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Marks Residence

Lake Cable, Canton, Ohio.

When I tell people I grew up in a semi-circular house I doubt they imagine this. The circle that had been carved out of the Diamond house plan was now the house itself. Though the lot was 3/4 of an acre it was long and pie-shaped with the setbacks defining two edges of the house. It was ideal in that it's south side full of glass faced the end of a channel on Lake Cable with a long view of water.

The brick is structural, not the finished 4" veneer attached to stud walls type of brick most people are used to seeing. The brown-stained wood is cedar plywood with battens for the seams and nail lines. An old natural gas well centered the patio and the "semicircle"—which overhangs both sides of the first floor. On the street side of the overhang are the upstairs closets and down lighting for the front facade. On the south side, the balcony and the roof overhang providing passive solar heating by shading the tall windows in the summer while letting the lower winter sun shine deeply into the house. The 3"x10" and 3"x12" timbers of the circular structure were exposed with tongue-and-grove decking for the ceilings.

  • Original 
  • With Addition A minor addition was made by the new owners. The original garage was one-car wide (though double length). It was expanded to two cars and the rear half has been converted to living space.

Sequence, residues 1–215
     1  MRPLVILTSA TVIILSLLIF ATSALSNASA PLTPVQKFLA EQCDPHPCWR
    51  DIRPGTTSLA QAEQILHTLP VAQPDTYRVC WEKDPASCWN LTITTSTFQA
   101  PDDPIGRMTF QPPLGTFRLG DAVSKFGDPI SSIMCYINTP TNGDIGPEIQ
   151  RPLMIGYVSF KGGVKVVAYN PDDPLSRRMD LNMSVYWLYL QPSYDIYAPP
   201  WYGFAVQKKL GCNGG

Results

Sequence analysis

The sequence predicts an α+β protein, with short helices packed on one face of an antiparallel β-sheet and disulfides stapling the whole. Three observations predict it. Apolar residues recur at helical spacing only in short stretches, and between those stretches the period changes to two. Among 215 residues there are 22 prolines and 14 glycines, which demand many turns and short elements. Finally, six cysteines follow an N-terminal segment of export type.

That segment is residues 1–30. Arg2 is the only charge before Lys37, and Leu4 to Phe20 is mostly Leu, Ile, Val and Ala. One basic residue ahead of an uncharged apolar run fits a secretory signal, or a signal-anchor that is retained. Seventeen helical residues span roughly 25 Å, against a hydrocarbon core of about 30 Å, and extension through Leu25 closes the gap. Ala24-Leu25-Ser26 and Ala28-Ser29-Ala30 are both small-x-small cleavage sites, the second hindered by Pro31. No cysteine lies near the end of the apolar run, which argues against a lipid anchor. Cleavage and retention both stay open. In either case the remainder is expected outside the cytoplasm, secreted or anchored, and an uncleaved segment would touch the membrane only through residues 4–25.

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After Addition to Garage
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Marko had hired Jack Frailey to build the Diamond house. He became a friend we knew growing up and he was hired again for this house. Marko or Jack hired another carpenter named Tex Wilson and the three of them built most of the house. (Tex stories to be added...) 

It wasn't huge. My rough calculations have it at under 3000 sq. ft. (if you'd like to calculate the exact area of those shapes be my guest.) It was impressive with the all the 8' glass, the curves and the 10' ceilings.

Other kids had to take their shoes off in their houses. They came to play in ours. The garage and the laundry/playroom were fair game, but the stair tower with its short flights of carpeted steps was used almost as much. Our family spent most of the time in the kitchen and informal dining space or in the den listening to everything from Beethoven to Johnny Cash, two of Marko's favorites. 

The entry foyer and hall led to the formal dining and living room—that is, until the office took over. At the time of the library project there were two drafting tables for Marko and John Worstell, his chief draftsman, and a desk for Theadora, the secretary, all in the den. Three more drafting tables and architects were moved into the living room. Eventually Marko moved the office out and it became a "normal" house again.